Peace the need of the hour


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Peace the need of the hour

  1. 1. PEACE-THE NEED OFHOURPeace is an ideal of freedom, peace,and happiness among and within allnations and/or people. World peace is anidea of planetary non-violence by whichnations willingly cooperate, eithervoluntarily or by virtue of a system ofgovernance that prevents warfare. Theterm is sometimes used to refer to acessation of all hostility amongst allhumanity.
  2. 2.  The term is sometimes used to refer to a cessationof all hostility amongst all humanity. For example,World Peace could be crossing boundariesvia human rights,animalrights, technology, education, engineering, medicine, diplomats and/or an end to all forms of fighting.Since 1945 the United Nations and the 5 permanentmembers of the Security Council (the US, Russia,China, France, and the UK) have worked to resolveconflicts without war or declarations of war.However, nations have entered numerous militaryconflicts since that time.
  3. 3. Many theories as to how peacecould be achieved have beenproposed. Several of these arelisted below. World peace isachievable when there is no longerconflict over resources. Forexample oil is one such resourceand conflict over the supply of oilis well known. Therefore,developing technology thatutilizes reusable fuel sources maybe one way to achieve peace
  4. 4. DEMOCRATIC PEACE THEORY Proponents of thecontroversial democratic peacetheory claim that strong empiricalevidence existsthat democracies never or rarelywage war against each other. There are, however, several possibleexceptions to this theory
  5. 5.  There are proponents of cobdenism who claim that byremoving tariffs and creating international free trade,wars would become impossible, because free tradeprevents a nation from becoming self-sufficient, which is arequirement for long wars. For example, if one countryproduces firears and another produces ammunition, thetwo could not fight each other, because the former wouldbe unable to procure ammunition and the latter would beunable to obtain weapons. People argue that free trade does not prevent a nationfrom establishing some sort of emergency plan to becometemporarily self-sufficient in case of war or that a nationcould simply acquire what it needs from a different nation.A good example of this,
  6. 6.  Mutual assured destruction is a doctrine ofmilitary strategy in which a full-scale useof nuclear weapons by two opposing sideswould effectively result in the destruction ofboth the attacker and thedefender. Proponents of the policy of mutualassured destructionduring the Cold Warattributed this to the increase in the lethalityof war to the point where it no longer offersthe possibility of a net gain for either side,thereby making wars pointless.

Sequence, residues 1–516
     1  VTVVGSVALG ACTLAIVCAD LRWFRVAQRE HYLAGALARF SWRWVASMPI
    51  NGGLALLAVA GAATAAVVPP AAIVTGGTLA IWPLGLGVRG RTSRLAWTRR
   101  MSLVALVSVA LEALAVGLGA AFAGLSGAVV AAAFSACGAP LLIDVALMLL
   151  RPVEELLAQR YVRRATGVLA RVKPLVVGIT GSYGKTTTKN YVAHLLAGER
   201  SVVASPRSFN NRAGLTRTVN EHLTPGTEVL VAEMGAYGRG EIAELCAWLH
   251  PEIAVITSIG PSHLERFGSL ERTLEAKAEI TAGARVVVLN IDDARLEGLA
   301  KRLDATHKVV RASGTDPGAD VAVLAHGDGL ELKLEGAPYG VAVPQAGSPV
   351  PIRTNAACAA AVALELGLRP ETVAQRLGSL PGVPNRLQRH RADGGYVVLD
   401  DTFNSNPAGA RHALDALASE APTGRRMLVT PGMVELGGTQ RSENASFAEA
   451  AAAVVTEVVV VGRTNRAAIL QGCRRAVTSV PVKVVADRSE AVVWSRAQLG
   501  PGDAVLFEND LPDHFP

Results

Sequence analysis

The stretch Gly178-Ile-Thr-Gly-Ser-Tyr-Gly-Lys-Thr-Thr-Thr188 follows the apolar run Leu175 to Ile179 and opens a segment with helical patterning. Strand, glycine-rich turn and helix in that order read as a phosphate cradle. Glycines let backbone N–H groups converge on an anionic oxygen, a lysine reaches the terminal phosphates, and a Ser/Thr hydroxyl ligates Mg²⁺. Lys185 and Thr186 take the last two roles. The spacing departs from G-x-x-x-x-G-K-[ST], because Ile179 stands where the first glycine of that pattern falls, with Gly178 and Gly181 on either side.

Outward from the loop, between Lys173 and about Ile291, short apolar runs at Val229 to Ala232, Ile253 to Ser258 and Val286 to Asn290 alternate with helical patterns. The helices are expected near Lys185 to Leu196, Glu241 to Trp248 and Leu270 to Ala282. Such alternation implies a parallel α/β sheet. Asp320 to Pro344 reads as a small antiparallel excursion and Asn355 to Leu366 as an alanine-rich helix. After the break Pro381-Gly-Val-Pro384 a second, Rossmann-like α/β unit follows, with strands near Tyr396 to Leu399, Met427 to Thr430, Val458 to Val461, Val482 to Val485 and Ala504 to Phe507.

7. 7. UNITED NATIONS CHARTER ANDINTERNATIONAL LAW After the World War II, United Nations has beenestablished by United Nations Charter to "savesuccessing generations from the two scourgeof war which twice in our lifetime has broughtuntold sorrow to mankind".The Preamble to theUnited Nations Charter also aims to regainfaith in fundamental human rights, to respectobligation of sources of international law aswell as to unite our strength to maintaininternational peace and security. And alltreaties on international human rightslaw recall or consider "the principlesproclaimed in the Charter of the UnitedNations, recognition of the inherent dignityand of the equal and inalienable rights of allmembers of the human family is the foundationof freedom, justice and peace in the world".
  8. 8. GLOBALIZATION Gordon B. Hinkley saw a trend in nationalpolitics by which city-states and nation-states have unified, and suggest that theinternational arena will eventually follow suit.Many countries such as China, Italy,the UnitedStates, Australia, Germany, India and Britainhave unified into single nation-states, withothers like the European Union following suit,suggesting that further globalization will bringabout a unified world order.
  9. 9. Self-Organized Peace World peace has been depicted as a consequence oflocal, self-determined behaviors that inhibit theinstitutionalization of power and ensuing violence. Thesolution is not so much based on an agreed agenda, oran investment in higher authority whether divine orpolitical, but rather a self-organized network of mutuallysupportive mechanisms, resulting in a viable politico-economic social fabric. The principle technique forinducing convergence is thought experiment,namely backcasting, enabling anyone to participate nomatter what cultural background, religious doctrine,political affiliation or age demographic. Similarcollaborative mechanisms are emerging from theInternet around open-source projects,including Wikipedia, Need4Peace, and the evolution ofsocial media.
  10. 10.  Economic norms theory links economic conditions with institutions ofgovernance and conflict, distinguishing personal clientelisteconomiesfrom impersonal market-oriented ones, identifying the latter withpermanent peace within and between nations. Through most of human history societies have been based on personalrelations: individuals in groups know each other and exchange favors.Today in most lower-income societies hierarchies of groups distributewealth based on personal relationships among group leaders, a processoften linked with clientelism and corruption. Michael Mousseau arguesthat in this kind of socio-economy conflict is always present, latent orovert, because individuals depend on their groups for physical andeconomic security and are thus loyal to their groups rather than theirstates, and because groups are in a constant state of conflict overaccess to state coffers. Through processes of bounded rationality,people are conditioned towards strong in-group identities and are easilyswayed to fear outsiders, psychological predispositions that makepossible sectarian violence, genocide, and terrorism.